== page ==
There have been many attempts to build computational models to predict brain penetration, these range from simple LogP correlations to sophisticated machine learning methods. An example would be the Bayesian neural network described by Winkler and Burden DOI using an 85 compound dataset and a range of calculated descriptors including including counts of hydrogen-bond acceptors and donors, rotatable bonds, log P, molecular weight, and polar surface area (PSA). However when applied to test compounds unrelated to the test set the prediction becomes unreliable. This nicely underlines the critical nature of the dataset used, the models either seem to rely on a small number of hand curated compounds which can only reflect a limited amount of chemical space. Or very large data sets that were generated based on the therapeutic indication, unfortunately not all molecules patented to treat Stroke/Alzheimer’s Disease etc. actually have good brain penetration and whilst other molecules may be intended to treat a peripheral target this does not mean they are not brain penetrant.
It is clear from many publications that a number of physicochemical properties influence central nervous system (CNS) penetration and it is often possible to play off one property against another in an effort to improve CNS penetration. An interesting paper from Wagner et al Moving beyond Rules: The Development of a Central Nervous System Multiparameter Optimization (CNS MPO) Approach To Enable Alignment of Druglike Properties DOI describes an algorithm to score compounds with respect to CNS penetration. The CNS MPO score was built based on six fundamental physicochemical properties: ClogP, ClogD, MW, TPSA, HBD, and pKa each weighted from 0 to 1.0 and most desirable and least desirable ranges for each physicochemical property is displayed in the table below.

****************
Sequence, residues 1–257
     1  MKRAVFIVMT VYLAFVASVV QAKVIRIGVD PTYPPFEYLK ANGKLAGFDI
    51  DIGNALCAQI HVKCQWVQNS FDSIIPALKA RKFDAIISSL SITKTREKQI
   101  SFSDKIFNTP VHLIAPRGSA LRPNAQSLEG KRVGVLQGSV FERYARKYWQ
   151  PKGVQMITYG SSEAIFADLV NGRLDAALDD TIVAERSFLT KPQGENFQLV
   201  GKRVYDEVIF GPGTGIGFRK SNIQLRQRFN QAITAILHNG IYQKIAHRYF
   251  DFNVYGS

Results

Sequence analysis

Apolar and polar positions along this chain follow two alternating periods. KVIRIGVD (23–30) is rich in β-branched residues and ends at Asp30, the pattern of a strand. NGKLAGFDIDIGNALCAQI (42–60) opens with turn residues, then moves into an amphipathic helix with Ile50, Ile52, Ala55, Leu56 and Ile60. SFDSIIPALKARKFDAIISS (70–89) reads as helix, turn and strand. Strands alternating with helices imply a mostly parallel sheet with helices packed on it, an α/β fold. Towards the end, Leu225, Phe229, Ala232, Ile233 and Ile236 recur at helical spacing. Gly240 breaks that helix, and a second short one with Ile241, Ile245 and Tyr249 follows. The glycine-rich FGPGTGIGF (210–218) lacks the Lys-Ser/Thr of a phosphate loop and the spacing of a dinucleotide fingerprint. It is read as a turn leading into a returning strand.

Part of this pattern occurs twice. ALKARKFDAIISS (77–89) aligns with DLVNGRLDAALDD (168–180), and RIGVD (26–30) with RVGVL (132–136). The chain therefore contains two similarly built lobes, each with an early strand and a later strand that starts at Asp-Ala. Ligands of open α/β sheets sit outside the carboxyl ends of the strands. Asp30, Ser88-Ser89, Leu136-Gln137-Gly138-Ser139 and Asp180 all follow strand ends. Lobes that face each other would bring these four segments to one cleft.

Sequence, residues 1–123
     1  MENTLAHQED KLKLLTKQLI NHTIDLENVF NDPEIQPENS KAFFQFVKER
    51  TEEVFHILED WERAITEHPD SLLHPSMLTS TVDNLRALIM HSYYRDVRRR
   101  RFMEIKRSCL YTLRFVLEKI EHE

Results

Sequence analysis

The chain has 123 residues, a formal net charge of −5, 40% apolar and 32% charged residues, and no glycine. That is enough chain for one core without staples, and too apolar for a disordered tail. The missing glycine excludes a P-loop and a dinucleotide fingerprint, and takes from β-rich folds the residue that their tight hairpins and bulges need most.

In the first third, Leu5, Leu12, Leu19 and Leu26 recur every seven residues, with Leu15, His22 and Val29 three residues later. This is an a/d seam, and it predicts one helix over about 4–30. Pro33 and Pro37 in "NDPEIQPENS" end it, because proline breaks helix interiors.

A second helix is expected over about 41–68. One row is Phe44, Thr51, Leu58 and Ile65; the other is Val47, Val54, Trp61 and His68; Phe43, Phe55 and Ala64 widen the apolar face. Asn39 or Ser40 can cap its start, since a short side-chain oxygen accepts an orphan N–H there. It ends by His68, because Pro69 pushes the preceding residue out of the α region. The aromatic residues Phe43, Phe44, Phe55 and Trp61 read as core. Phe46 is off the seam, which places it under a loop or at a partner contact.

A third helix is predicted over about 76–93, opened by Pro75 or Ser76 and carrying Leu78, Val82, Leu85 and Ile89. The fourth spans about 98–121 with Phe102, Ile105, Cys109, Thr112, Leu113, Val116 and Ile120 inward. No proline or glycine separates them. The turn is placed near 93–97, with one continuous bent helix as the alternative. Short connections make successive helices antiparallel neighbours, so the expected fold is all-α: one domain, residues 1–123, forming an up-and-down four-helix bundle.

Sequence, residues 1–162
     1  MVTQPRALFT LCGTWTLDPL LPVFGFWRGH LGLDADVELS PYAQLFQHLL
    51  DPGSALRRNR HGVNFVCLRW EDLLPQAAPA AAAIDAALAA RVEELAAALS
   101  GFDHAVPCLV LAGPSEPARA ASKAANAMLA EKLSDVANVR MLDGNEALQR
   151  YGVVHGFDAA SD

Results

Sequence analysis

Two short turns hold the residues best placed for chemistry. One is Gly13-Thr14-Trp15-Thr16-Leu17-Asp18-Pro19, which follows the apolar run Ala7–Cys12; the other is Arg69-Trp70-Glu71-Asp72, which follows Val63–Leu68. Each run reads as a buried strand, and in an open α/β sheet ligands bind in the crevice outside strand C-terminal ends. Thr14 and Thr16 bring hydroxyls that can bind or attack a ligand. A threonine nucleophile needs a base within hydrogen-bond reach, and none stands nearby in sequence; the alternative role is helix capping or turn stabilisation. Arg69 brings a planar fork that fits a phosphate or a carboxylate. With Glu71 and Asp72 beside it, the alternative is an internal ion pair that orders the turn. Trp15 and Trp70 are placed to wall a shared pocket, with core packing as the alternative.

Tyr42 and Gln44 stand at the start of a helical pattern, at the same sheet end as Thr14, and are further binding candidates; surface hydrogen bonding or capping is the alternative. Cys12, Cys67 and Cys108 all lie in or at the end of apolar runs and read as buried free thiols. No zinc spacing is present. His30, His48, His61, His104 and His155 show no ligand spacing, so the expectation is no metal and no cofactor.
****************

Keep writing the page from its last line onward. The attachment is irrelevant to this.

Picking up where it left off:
|Property||Transformation (T0)||Weight||More desirable range (T0 = 1.0)||Less desirable range (T0 = 0.0)|
|ClogP||monotonic decreasing||1.0||ClogP <= 3||ClogP > 5|
|ClogD||monotonic decreasing||1.0||ClogD <= 2||ClogD > 4|
|MW||monotonic decreasing||1.0||MW <= 360||MW> 500|
|TPSA||hump function||1.0||40 < TPSA <= 90||TPSA <= 20; TPSA > 120|
|HBD||monotonic decreasing||1.0||HBD <= 0.5||HBD > 3.5|
|pKa||monotonic decreasing||1.0||pKa <= 8||pKa > 10|
The calculated physicochemical properties used in the paper were obtained using a selection commercial packages: Biobyte for ClogP calculations, ACD/Laboratories for ClogD at pH 7.4, and ACD/Laboratories for pKa. TPSA was calculated using a sum of fragment-based contributions methodology described by in J. Med. Chem. 43, 3714–3717.. I recently wrote a script to implement this algorithm in Vortex. The plot shows a comparison of the score generated with the Vortex script (CNSScore) versus the values from the publication (CNSMPO).